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Process safety programs require many decisions on their design and implementation. These decisions directly impact the risks posed by processes. Unfortunately, decisions can be unreliable when they are influenced by cognitive biases, which are influences on human judgment and decision making that can cause reasoning errors and produce irrational decisions. Many different cognitive biases have been identified and they occur commonly. They are difficult to detect and override because they are used unconsciously and automatically.

The identification of hazard scenarios in process hazard analysis (PHA) is subject to the effects of cognitive bias by PHA team members, which may lead to the omission of scenarios from PHA studies.

A recent incident at a Royal Dutch Shell petrochemical plant in Moerdijk, the Netherlands, on June 3, 2014 likely provides an example. The incident involved an explosion and fire that injured two contract workers and caused extensive process damage. The investigation concluded that the incident resulted from unexpected exothermic reactions. A Reactive Hazard Assessment (RHA) had been conducted but the analysts did not identify the reaction that caused the explosion. The RHA relied on the general belief that such a reaction could not occur although this assumption had not been verified empirically. Subsequently, laboratory tests determined that two exothermic reactions had occurred.

Fundamentally, the incident can be attributed to the decision made during the RHA regarding the lack of a reactive hazard. A key question is why the assumption of lack of reactivity was accepted. Based on the description of the RHA study, it is likely that one or more cognitive biases played a role. Hazard analysis studies are subject to various types of cognitive bias. Groupthink is a phenomenon in which a group of people share common but possibly false beliefs and think and make decisions in the same way. Mindsets are assumptions held by an individual which are so established that the individual does not recognize they exist and continues to accept prior choices as valid. Deference to authority occurs when people accept the opinions of perceived authorities without substantiation of the views expressed. Group polarization is the tendency for a group of people to make decisions that are more extreme than the initial inclinations of its members. Such cognitive biases would help to explain the decision made during the RHA regarding the lack of a reactive hazard. The telltale indicator that reveals cognitive bias is use of the words “generally believed” in the description of the incident when referring to the lack of reactivity. Belief is not knowing. Qualification by “generally” implies broad agreement with the belief, although unproven.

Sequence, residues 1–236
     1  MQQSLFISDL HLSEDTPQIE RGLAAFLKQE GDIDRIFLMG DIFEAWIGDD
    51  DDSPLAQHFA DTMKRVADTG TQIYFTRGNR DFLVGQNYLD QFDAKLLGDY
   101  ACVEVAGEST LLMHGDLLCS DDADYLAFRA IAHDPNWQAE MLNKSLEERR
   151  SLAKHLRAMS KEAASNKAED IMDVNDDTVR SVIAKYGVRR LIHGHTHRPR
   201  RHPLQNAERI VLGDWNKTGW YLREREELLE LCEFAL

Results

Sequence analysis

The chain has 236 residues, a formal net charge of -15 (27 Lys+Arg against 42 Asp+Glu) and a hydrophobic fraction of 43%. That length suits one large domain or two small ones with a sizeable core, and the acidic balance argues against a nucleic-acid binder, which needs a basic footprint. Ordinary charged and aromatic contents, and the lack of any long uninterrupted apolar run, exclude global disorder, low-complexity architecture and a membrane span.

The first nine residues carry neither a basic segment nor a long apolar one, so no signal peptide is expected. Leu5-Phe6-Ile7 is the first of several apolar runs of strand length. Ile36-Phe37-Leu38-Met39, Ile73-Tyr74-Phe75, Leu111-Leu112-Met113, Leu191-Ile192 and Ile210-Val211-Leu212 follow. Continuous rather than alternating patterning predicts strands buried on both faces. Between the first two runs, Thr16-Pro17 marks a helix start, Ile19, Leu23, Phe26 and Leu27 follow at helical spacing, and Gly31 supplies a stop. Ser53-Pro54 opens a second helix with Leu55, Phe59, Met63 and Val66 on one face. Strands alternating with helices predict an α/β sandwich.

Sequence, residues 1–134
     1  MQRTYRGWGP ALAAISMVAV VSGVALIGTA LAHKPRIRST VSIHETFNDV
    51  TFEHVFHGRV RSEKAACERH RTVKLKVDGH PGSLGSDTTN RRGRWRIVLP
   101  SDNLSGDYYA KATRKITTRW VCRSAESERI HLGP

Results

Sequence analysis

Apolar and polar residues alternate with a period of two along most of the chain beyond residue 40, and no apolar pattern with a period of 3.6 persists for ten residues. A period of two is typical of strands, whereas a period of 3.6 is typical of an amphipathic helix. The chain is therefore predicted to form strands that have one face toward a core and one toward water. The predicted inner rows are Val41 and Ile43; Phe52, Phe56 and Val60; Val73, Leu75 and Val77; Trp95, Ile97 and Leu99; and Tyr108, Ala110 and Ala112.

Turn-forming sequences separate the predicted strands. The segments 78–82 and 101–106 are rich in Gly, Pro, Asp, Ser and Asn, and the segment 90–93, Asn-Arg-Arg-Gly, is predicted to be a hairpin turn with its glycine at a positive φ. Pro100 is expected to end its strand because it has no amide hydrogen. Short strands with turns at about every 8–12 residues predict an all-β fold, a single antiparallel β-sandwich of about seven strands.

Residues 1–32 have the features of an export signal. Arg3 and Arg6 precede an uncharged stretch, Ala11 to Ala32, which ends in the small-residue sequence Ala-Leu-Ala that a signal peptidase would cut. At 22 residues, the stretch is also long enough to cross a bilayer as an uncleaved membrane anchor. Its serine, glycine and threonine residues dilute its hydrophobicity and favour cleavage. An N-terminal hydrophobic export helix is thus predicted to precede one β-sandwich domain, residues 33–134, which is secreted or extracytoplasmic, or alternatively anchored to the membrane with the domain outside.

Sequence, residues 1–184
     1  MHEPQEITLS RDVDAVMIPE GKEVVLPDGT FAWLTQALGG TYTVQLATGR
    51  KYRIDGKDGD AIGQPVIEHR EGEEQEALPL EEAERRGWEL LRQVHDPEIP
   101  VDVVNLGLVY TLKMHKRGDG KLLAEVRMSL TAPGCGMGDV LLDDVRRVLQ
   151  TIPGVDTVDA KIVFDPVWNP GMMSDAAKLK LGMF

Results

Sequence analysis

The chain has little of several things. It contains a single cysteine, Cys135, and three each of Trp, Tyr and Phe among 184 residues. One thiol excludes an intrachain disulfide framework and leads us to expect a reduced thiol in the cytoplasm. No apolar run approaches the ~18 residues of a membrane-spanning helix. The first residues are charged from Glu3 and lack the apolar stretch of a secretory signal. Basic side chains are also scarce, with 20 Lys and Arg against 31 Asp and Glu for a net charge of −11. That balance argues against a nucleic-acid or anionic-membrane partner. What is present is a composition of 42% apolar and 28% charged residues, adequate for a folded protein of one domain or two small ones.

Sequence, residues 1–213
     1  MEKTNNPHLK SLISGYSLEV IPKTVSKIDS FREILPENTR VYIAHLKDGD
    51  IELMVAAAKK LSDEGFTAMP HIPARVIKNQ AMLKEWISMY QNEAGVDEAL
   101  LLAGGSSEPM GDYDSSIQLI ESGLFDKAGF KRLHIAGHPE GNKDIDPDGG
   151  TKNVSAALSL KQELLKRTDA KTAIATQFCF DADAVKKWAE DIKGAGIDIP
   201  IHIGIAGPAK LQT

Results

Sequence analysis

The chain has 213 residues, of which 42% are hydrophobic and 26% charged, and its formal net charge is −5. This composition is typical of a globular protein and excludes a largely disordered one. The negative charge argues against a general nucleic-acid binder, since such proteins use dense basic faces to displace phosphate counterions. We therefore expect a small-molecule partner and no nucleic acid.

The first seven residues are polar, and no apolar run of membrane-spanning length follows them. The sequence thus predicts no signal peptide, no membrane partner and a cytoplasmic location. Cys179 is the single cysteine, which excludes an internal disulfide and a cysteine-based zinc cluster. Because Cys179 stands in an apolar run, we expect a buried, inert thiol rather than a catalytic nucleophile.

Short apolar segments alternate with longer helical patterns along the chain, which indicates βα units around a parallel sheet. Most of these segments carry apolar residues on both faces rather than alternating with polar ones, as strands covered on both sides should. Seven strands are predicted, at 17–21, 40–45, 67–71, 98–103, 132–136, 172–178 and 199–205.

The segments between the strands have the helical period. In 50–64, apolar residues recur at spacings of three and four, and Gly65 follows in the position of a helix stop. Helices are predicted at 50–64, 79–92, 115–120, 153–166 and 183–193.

Cognitive biases can affect all decisions made by people. Clearly, process safety decisions are particularly important and significant effort to address the impact of cognitive biases is warranted. Process safety practitioners must strive to recognize when reliance is being placed on opinions and assumptions which may be tainted by cognitive biases. As much tangible data and information as possible should be used to avoid the need to rely on opinions. The use of a devil’s advocate who challenges and debates views offered by others in order to help determine their validity can help to address cognitive biases.

Process safety requires practitioners to make many decisions, all of which can be influenced by cognitive biases. Key decisions can benefit from the application of the discipline of critical thinking which can help to identify flaws in reasoning and help to prevent process safety incidents. Are your decisions sound and free from bias?

Further information can be found in these articles:

Learning from Incidents - Awareness Alert. Explosions in SMPO Hydrogenation Unit, http://www.arbeidshygiene.nl/-uploads/files/insite/cgc-20160121-explosions-in-smpo-hydrogenation-unit.pdf.

Process safety incidents, cognitive biases, and critical thinking, Hydrocarbon Processing, November, 2017.

Cognitive biases in process hazard analysis, Journal of Loss Prevention in the Process Industries, Volume 43, pages 372-377, September, 2016.

The role of people and human factors in performing process hazard analysis, J. of Loss Prevention in the Process Industries, Vol. 26, pages 1352-1365, 2013.

A framework for critical thinking in process safety management, Process Safety Progress, Volume 35, Issue 4, pages 337–340, December 2016.